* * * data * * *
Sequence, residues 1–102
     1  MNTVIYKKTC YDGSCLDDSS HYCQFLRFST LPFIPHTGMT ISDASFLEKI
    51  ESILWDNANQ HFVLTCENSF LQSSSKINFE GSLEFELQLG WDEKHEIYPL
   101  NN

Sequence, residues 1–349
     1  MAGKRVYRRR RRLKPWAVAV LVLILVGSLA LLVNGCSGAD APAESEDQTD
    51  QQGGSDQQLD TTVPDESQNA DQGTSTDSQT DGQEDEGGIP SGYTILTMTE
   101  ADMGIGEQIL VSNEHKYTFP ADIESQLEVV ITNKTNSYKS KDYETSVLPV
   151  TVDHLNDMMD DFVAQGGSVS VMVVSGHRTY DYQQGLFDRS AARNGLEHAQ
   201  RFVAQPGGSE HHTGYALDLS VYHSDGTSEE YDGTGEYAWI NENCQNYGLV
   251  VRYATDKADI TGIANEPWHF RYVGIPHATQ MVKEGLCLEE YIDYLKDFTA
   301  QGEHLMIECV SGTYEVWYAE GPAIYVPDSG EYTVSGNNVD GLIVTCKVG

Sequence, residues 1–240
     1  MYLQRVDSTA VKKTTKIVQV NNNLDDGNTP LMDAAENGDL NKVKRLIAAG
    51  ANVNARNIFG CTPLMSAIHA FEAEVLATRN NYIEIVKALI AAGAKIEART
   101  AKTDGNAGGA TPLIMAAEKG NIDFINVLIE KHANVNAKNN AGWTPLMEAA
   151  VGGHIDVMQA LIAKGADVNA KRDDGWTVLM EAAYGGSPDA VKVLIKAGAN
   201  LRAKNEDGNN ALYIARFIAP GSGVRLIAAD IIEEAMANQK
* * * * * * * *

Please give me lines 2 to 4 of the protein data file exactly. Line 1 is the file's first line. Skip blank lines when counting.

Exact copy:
     1  MNTVIYKKTC YDGSCLDDSS HYCQFLRFST LPFIPHTGMT ISDASFLEKI
    51  ESILWDNANQ HFVLTCENSF LQSSSKINFE GSLEFELQLG WDEKHEIYPL
   101  NN